Italy stands out as a country with two very persistent WRC events – the only country to have two different rallies run more than seven times, with its long-time events included in the WRC calendar 19 and 29 times! Italy’s also one of the two countries to host two rallies in the same season, and one of the two to host both gravel and tarmac rallies in its history – as well as a mixed surface one!

Sanremo was the original Italian WRC event, run first in the mountain roads near Sanremo, being partly gravel, making it a mixed surface event. A few years later with roads being paved it became all tarmac, but in 1979 the event was expanded to include gravel stages in Tuscan, behind a long liaison.

New rules in 1997 banned mixed surface events and tightened the itineraries, making the event focus again on the tarmac roads near Sanremo, with stages run multiple times. In turn, this lead to problems with too many spectators packing into the same stages.

In 2004 the Italian WRC event was handed over to the narrow gravel roads of Sardinia. And as if that was not enough, the shortened Covid-19 era seasons 2020 and 2021 were filled up with Rally Monza (in addition to Sardinia), with some tarmac stages in the Lombardian mountains in addition to numerous long super specials on and around the Monza circuit.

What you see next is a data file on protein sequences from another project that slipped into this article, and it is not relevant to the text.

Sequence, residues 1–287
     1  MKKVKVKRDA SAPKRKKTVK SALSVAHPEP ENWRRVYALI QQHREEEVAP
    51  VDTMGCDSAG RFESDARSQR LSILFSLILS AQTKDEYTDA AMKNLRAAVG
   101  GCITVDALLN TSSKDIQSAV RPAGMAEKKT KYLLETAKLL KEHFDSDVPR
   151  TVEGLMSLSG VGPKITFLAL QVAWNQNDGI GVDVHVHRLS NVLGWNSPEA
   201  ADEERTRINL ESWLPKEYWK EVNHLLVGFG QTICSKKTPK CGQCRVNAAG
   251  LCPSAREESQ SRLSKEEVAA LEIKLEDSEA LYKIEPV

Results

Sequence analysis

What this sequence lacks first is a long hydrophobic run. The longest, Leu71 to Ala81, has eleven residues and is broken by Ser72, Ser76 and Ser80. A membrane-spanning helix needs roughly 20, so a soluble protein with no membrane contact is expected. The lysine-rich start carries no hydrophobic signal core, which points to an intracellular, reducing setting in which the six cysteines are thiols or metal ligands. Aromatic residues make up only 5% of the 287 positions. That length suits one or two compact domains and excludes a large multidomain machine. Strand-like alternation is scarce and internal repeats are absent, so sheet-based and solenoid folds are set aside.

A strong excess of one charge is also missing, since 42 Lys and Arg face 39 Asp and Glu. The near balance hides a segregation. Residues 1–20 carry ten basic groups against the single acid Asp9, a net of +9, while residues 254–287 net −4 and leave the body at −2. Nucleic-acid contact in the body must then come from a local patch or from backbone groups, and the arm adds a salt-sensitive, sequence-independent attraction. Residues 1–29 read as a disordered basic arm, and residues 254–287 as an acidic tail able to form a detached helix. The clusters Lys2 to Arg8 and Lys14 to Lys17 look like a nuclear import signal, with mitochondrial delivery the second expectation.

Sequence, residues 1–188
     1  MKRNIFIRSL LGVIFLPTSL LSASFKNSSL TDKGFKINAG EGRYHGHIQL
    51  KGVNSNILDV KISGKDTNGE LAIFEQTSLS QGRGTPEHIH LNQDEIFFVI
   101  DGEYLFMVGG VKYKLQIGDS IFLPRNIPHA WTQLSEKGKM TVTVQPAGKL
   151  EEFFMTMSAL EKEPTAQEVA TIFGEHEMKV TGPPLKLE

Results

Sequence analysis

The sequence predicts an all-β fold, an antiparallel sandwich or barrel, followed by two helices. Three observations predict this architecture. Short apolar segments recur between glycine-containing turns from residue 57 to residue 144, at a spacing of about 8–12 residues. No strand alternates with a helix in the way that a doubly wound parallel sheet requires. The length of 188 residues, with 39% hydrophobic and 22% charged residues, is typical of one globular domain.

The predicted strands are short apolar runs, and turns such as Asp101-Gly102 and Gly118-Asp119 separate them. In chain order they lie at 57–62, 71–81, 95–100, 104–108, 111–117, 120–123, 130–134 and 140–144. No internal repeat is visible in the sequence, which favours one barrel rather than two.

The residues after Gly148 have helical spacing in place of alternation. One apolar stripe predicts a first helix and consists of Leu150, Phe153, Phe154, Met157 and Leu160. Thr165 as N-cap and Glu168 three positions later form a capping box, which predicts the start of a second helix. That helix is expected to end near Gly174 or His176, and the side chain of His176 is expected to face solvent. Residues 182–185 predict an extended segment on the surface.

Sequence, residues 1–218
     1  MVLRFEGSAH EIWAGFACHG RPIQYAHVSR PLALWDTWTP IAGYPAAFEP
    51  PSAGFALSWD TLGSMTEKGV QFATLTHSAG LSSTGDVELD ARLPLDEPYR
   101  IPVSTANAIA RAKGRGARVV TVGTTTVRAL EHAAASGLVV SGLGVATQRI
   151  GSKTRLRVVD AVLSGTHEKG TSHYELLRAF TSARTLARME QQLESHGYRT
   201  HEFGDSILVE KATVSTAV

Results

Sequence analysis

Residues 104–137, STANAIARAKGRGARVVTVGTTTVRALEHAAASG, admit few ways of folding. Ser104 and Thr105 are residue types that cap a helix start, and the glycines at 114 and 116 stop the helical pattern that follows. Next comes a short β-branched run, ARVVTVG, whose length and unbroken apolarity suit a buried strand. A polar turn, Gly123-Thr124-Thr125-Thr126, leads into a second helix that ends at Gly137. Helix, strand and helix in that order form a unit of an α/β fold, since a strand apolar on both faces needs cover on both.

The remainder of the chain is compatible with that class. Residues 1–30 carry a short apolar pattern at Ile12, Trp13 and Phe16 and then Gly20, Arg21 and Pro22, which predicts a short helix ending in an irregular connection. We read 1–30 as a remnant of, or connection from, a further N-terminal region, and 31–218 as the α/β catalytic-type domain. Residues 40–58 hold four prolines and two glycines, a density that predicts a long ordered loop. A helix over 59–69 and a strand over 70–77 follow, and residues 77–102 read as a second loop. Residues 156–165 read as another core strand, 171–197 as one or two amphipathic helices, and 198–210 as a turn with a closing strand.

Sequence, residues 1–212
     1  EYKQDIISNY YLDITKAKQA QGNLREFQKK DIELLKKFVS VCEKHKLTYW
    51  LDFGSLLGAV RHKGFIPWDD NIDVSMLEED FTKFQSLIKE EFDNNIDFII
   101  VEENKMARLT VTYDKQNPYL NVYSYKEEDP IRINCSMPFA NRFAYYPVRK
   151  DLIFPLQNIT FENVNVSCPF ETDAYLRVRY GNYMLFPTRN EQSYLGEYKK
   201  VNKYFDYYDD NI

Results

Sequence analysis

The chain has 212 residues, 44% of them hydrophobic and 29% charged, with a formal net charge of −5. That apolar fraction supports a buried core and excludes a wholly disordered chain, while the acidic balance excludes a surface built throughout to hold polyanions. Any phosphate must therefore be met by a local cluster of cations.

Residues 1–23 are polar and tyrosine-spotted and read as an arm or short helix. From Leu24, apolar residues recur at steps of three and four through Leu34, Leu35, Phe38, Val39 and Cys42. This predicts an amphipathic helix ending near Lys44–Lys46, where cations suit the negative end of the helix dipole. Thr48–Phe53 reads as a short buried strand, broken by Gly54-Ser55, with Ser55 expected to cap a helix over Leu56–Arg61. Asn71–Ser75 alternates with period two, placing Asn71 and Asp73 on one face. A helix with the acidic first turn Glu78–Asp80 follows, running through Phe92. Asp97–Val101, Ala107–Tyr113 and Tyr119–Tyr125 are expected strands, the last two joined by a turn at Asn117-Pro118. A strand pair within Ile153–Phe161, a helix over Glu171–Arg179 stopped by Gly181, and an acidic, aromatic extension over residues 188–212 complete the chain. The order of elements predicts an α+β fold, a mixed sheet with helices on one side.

These three events are quite different, but all contain very narrow and sinuous roads, as well as a some sort of mixed surface element, since Sardinian gravel stages have often tarmac sections and Monza had gravel sections on the circuit service and park roads. Still, it’s almost impossible to think of a “Rally Italy” when the country has arranged three such different events.


Costa Brava 1991-2004 (13)
Costa Daurada 2005-2022 (17)

Rally Catalunya entered WRC in 1991 as a new mixed-surface event run from Lloret the Mar, in Costa Brava. Two days were run on gravel and two on tarmac.

In 1993 and onwards the gravel stages were replaced with a leg of tarmac stages going South-West into Costa Daurada. With tighter service park rules a few years later there was no more possibility travel through special stages so the cars had to take a long liaison to a remote service park and a loop of Costa Daurada stages. That long liaison was eventually cut off leaving just Costa Brava tarmac stages until 2005 when the whole event moved over to Costa Daurada, the city of Salou.